Vegetarian, especially vegan, diets are associated with better cardiovascular health, according to a new review published in the journal Progress in Cardiovascular Diseases.
Researchers looked at multiple clinical trials and observational studies and found strong and consistent evidence that plant-based dietary patterns can prevent and reverse atherosclerosis and decrease other markers of cardiovascular disease (CVD) risk, including blood pressure, blood lipids, and weight.
The review found that a plant-based diet:
Reduces the risk of death from cardiovascular disease by 40 percent.
Reduces the risk of coronary heart disease by 40 percent.
Fully or partially opens blocked arteries in up to 91 percent of patients.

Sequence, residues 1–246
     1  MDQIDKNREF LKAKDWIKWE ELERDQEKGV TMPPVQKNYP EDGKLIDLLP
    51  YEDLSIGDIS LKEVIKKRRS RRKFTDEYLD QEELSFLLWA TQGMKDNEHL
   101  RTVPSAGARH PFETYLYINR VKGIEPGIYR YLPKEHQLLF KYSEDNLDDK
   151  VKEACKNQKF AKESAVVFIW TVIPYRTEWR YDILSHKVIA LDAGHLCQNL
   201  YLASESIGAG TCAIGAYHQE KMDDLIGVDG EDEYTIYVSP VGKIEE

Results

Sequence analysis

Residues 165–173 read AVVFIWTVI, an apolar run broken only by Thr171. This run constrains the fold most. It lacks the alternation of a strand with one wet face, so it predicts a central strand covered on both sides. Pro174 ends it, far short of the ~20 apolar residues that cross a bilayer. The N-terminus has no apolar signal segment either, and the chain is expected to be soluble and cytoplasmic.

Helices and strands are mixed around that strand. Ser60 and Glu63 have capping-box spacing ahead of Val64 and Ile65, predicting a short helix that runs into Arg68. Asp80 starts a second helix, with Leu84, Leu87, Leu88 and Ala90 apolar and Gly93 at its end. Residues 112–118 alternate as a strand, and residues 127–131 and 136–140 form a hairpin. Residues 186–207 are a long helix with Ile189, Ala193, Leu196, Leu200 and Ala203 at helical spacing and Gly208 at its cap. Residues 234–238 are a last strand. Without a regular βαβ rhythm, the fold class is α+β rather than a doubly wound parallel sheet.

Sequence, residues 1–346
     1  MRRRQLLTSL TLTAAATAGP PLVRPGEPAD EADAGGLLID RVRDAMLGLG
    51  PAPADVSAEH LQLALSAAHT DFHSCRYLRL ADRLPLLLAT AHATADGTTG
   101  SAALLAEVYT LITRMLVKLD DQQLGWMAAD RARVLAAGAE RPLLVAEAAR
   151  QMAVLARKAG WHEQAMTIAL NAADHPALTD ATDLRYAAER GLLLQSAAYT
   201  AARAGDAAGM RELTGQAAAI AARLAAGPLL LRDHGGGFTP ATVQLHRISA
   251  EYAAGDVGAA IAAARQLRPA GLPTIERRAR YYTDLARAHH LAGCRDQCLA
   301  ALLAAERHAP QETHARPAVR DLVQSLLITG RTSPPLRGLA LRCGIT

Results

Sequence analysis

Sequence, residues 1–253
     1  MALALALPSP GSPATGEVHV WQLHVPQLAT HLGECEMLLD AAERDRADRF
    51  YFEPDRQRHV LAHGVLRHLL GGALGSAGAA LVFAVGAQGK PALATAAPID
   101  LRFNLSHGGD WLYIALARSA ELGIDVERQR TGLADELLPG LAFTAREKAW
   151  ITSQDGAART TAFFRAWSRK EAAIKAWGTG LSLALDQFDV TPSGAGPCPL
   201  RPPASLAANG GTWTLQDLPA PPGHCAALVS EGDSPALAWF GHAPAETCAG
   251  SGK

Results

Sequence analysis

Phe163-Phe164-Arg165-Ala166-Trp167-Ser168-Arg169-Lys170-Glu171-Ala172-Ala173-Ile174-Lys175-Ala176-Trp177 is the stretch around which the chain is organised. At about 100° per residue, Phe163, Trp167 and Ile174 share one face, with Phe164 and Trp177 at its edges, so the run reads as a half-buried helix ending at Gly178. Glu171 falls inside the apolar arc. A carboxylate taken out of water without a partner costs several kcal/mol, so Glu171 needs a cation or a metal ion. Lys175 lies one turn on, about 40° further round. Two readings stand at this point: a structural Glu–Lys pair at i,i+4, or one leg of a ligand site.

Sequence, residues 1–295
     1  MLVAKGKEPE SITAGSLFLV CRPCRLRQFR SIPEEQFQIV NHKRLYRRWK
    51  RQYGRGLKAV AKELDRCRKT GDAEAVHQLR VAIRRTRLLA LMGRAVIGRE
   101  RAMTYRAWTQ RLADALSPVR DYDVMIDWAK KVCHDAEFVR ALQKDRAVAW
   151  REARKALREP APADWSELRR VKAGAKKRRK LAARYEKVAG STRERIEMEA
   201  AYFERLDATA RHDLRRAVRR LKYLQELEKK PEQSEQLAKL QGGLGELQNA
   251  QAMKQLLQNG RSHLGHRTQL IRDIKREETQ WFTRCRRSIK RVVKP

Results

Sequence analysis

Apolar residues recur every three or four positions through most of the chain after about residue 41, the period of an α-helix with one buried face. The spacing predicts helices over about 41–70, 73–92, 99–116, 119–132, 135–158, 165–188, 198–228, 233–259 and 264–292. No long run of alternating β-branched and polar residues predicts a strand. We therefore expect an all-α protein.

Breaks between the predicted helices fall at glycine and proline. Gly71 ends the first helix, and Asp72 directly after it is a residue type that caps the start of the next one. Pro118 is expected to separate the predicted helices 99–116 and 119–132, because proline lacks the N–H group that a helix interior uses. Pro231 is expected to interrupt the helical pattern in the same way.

Reduces the risk of hypertension by 34 percent.
Is associated with 29 mg/dL and 23 mg/dL lower total cholesterol and LDL-C levels, respectively, compared with non-vegetarian diets.
Is associated with weight loss.
“A plant-based diet has the power to not only prevent heart disease, but also manage and sometimes even reverse it—something no drug has ever done,” says study author Hana Kahleova, M.D., Ph.D., Physicians Committee director of clinical research.
The review notes that a healthy diet and lifestyle reduces the risk for a heart attack by 81-94 percent, while medications can only reduce the risk by 20-30 percent.
Plant-based diets benefit heart health because they’re rich in fiber and phytonutrients—like carotenoids, anthocyanins, and lycopene—which reduce inflammation and oxidative stress.
Animal products are packed with saturated fat, cholesterol, heme iron, and environmental pollutants and can harm heart health.
“Heart disease is the world’s leading cause of death. This study proves it doesn’t have to be,” says Dr. Kahleova.
Around the globe, cardiovascular disease is responsible for 46 percent of non-communicable disease deaths, or 17.5 million deaths a year.